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Sleep Deprivation and the Brain

By: Jennie Kermode - Updated: 16 Nov 2010 | comments*Discuss
 
Brain Insomnia Sleep Problems Neocortex

It's well known that certain types of changes in the brain, such as those following strokes, can trigger insomnia - but did you know that insomnia can also trigger changes in the brain? Some of these help to explain the links between insomnia and other health problems, whilst others help to explain how mild sleeplessness can turn into a chronic problem.

Regions of the Brain

Three regions of the brain are affected more severely by sleep deprivation than others:-

  • The neocortex - this affects how we process information, explaining why we may struggle to concentrate or to solve simple puzzles when we're tired.
  • The hippocampus - this is important for memory formation, explain why it's easy to forget or lose track of things when overtired, and why some people with chronic insomnia struggle to recall past events.
  • The amygdala - this is important for emotional control and may explain why insomnia is linked to depression as well as to more minor problems like moodiness and bad temper.

Gene Activation

As well as affecting brain regions, insomnia can affect individual genes within our cells. Although we don't develop any new genes after we're born, different factors in our lives, from what we eat to the chemicals we encounter in our environment, can affect which genes are activated. This low-level change can have significant effects on our bodies.

Over 200 different genes are believed to be activated by insomnia, though the number affected in any particular individual will depend on the severity of their sleep problems and how long those problems last for. Scientists still don't know what all the affected genes do, especially as most genes do more than one thing, but some are known to be linked to mental health problems like schizophrenia that are more common in insomniacs.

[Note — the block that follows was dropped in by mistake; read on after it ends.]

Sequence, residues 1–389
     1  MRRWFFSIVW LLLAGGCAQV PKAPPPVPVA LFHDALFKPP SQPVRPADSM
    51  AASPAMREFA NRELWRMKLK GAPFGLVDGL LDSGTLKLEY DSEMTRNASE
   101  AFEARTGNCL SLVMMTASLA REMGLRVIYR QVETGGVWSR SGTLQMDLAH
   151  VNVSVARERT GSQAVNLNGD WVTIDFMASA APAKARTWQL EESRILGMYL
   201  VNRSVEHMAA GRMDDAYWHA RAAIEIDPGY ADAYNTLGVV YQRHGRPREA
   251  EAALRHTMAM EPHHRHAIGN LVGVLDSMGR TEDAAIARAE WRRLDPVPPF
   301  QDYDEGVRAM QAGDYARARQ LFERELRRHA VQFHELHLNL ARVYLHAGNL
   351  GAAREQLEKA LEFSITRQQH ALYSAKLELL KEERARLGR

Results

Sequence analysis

Language and Imagination

Because insomnia interferes with the functioning of the neocortex, it affects two important tasks performed in this part of the brain - managing language, and imagination. This is why people who have not slept for a long time tend to slur their speech. It's also why it's especially hard to do creative work when overtired.

There is increasing evidence that sleep problems in children can affect the development of the neocortex, with the potential to cause long term difficulty in these areas. This is why it is particularly important to seek medical help if your child seems to be suffering from insomnia. Fortunately, long term damage is unlikely in adults.

Struggling to process language can lead to the repetition of verbal thoughts which - ironically - keep many insomniacs awake at night. If, however, you are aware of what's happening, you may find it easier to distance yourself from it and relax.

Insomnia and Dementia

Unfortunately, because of the brain changes caused by lack of sleep, long term insomnia places people at increased risk of developing dementia in later life. This is thought to be exacerbated by the fact that, without sleep, the brain finds it harder to repair itself or to route around damaged areas.

Unless you are able to find successful treatment for your insomnia, there is unfortunately little you can do about this. It is worth noting, however, that dementia is easier to treat if caught early, so knowing the risk means you can look out for symptoms and talk to your doctor straight away if they occur. You can also reduce your risk from other factors by eating healthily and getting plenty of exercise.

As we understand more about the brain, the chances of finding successful treatments for insomnia - and its many side effects - are continually improving. Knowing how your own brain is affected may help you to manage your insomnia more effectively, or at least enable you to learn from it.

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